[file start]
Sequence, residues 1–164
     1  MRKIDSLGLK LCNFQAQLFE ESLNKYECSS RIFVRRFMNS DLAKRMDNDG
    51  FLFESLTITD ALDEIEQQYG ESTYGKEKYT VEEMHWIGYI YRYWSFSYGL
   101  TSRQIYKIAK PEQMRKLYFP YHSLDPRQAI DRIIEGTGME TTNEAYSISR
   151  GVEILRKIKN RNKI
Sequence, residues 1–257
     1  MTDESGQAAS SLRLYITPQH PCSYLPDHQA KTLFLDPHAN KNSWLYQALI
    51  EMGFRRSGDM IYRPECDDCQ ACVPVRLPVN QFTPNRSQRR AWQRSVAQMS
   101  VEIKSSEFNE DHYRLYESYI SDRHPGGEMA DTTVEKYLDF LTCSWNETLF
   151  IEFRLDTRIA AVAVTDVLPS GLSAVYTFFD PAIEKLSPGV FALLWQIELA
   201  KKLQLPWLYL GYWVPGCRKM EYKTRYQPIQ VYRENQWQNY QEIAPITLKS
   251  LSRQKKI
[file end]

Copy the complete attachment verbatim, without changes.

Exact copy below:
Sequence, residues 1–164
     1  MRKIDSLGLK LCNFQAQLFE ESLNKYECSS RIFVRRFMNS DLAKRMDNDG
    51  FLFESLTITD ALDEIEQQYG ESTYGKEKYT VEEMHWIGYI YRYWSFSYGL
   101  TSRQIYKIAK PEQMRKLYFP YHSLDPRQAI DRIIEGTGME TTNEAYSISR
   151  GVEILRKIKN RNKI
Sequence, residues 1–257
     1  MTDESGQAAS SLRLYITPQH PCSYLPDHQA KTLFLDPHAN KNSWLYQALI
    51  EMGFRRSGDM IYRPECDDCQ ACVPVRLPVN QFTPNRSQRR AWQRSVAQMS
   101  VEIKSSEFNE DHYRLYESYI SDRHPGGEMA DTTVEKYLDF LTCSWNETLF
   151  IEFRLDTRIA AVAVTDVLPS GLSAVYTFFD PAIEKLSPGV FALLWQIELA
   201  KKLQLPWLYL GYWVPGCRKM EYKTRYQPIQ VYRENQWQNY QEIAPITLKS
   251  LSRQKKI